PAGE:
The old cliche of "you can't judge a book by its cover" is clearly irrelevant when it comes to Imagine: How Creativity Works, the much anticipated new book by Jonah Lehrer. The cover is one of the most riveting I've ever seen, and matches the compelling narrative beautifully.
I've been following Mr. Lehrer's work since 2007, when his first book, Proust Was a Neuroscientist, caught my eye. His followup, How We Decide, was a bestseller. He is a contributing editor for Wired and a frequent contributor to The New Yorker. He writes the "Head Case" column for The Wall Street Journal and regularly appears on WNYC's Radiolab. Not bad for 30.
In other parts of the world, the subtitle of the book is "The Science of Creativity," which is perhaps more accurate, because Imagine explains more how creativity happens than how it works, which Mr. Lehrer freely admitted when we spoke a few months ago that we still don't quite know, and may never know. In fact, he told me, "it should probably not even be 'creativity,' but 'creativities,' plural…it's more accurate."
While we may not know exactly how creativity works, we can, as Mr. Lehrer so brilliantly explains, pinpoint where and when creative moments happen–and that is quite frankly all we need to know.
Imagine will surprise you. It will destroy some old myths surrounding creativity in the business setting.
You will learn that creativity is not a single gift possessed by the lucky few, but rather a variety of distinct thought processes that we can all learn to use more effectively. "We are all hard-wired for creativity," says Mr. Lehrer.
You will learn the significance of Bob Dylan's brain, what's so especially important about the composition of his hit "Like a Rolling Stone," and what it reveals about creative blocks and the role of the brain's right hemisphere.
You will learn that daydreaming can often be the most productive thing we can do when it comes to solving difficult problems, along with why interrupting one's thought process is so important for creative ideas to emerge.
You will learn how mood affects our ability to have creative insights, and why there's a link between major depressive orders and artistic achievement.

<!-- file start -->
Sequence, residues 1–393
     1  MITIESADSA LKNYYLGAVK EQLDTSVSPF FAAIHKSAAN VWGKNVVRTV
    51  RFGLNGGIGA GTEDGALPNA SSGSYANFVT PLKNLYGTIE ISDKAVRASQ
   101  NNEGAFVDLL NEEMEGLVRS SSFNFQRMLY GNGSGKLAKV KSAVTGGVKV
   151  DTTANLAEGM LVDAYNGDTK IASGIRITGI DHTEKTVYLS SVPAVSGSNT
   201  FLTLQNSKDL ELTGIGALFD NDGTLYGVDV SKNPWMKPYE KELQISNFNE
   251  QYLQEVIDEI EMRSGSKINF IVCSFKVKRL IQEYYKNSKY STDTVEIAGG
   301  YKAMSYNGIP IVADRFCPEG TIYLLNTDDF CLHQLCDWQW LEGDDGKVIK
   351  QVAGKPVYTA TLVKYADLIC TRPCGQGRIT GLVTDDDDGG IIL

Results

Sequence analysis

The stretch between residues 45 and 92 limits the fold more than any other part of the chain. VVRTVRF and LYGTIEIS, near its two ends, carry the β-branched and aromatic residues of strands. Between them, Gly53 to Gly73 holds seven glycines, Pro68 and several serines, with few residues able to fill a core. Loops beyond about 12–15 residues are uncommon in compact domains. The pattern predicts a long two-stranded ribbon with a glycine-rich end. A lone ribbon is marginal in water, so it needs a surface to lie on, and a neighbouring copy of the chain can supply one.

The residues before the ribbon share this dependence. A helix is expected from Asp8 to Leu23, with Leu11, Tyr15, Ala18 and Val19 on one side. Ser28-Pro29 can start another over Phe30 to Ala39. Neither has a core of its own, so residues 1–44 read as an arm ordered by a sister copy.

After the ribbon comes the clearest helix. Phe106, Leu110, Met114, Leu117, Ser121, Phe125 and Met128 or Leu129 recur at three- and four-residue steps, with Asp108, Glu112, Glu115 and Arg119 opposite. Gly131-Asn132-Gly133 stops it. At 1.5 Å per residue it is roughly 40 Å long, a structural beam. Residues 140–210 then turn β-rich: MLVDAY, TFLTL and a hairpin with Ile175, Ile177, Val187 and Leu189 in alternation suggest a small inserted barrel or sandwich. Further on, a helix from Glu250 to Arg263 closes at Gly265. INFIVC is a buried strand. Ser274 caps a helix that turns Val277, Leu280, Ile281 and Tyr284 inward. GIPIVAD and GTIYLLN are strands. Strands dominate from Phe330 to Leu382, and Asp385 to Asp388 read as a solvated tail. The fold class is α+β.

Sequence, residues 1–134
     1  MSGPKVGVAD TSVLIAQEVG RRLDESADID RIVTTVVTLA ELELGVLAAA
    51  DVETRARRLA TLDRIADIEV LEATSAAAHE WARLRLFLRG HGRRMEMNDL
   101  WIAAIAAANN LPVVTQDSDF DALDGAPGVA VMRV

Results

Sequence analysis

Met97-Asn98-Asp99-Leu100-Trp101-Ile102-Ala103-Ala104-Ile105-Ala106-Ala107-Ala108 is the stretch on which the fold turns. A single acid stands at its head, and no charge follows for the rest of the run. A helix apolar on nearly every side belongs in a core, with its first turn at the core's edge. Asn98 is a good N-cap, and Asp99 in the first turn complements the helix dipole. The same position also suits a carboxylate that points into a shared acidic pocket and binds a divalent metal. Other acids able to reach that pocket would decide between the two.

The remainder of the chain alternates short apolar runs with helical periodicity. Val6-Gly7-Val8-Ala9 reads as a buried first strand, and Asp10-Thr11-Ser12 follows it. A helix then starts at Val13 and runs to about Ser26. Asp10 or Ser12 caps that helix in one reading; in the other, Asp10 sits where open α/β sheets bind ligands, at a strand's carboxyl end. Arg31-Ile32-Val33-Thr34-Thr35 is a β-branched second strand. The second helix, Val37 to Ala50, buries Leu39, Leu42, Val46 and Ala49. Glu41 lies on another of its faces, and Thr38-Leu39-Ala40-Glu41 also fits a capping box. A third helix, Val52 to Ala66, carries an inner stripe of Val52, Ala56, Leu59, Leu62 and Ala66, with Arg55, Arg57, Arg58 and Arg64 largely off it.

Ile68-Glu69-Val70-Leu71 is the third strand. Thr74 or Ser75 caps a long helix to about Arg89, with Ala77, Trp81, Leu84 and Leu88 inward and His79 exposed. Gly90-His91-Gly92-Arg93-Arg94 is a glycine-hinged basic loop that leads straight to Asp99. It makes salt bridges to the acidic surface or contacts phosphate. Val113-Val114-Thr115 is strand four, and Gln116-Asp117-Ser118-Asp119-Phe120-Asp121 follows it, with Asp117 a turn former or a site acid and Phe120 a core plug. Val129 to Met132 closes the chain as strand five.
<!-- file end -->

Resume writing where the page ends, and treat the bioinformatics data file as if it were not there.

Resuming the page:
You will learn not only about your "working memory" and the important role it plays in your creative process, but also the importance of the brain's prefrontal cortex, the impact of the more primitive mid-brain region on creativity, and discover the part of the brain that blocks your ability to "let go." Mr. Lehrer provides numerous ways to work around those obstacles.
You will discover what's behind the Israeli technology boom, the differences in creativity between the two well-known hotbeds of innovation: Route 128 in Massachusetts and Silicon Valley in California, and the importance of social circles, information sharing and face-to-face interaction.
You will learn about "the Shakespeare paradox," what factors played the biggest role in enabling his success, the role of culture and external elements in determining creative output, and why "For Shakespeare, the act of creation was inseparable from the act of connection."
You will learn how our traditional methods of education are impacting creativity, the power of schools like the New Orleans Center for the Creative Arts and High Tech High, what methods schools can implement in order to cultivate and support student creativity, and why Mr. Lehrer says "we need to innovate innovation."
My day job revolves around facilitating creative sessions, and all of these things revealed to me a new and deeper dimension to creativity, and thus greater understanding and insight. Mr. Lehrer's ability to sift through countless studies in what must be scores of scientific journals and distill them down into relevant and useful insights is unparalleled. I can't imagine (no quip intended) the enormous effort, not to mention the significant cost incurred (peer-reviewed scientific journals entail exorbitantly expensive subscriptions), required to curate this material, but the service provided and outcome produced by Mr. Lehrer is truly appreciated, and simply invaluable.
Malcolm Gladwell has it right when he claims that Lehrer "knows more about science than a lot of scientists and more about writing than a lot of writers.”
And I wholeheartedly agree with Joshua Foer, author of Moonwalking With Einstein: “Jonah Lehrer is one of the most talented explainers of science that we’ve got. What a pleasure it is to follow his investigation of creativity and its sources. Imagine is his best book yet.”
Buy it. Devour it. Share it.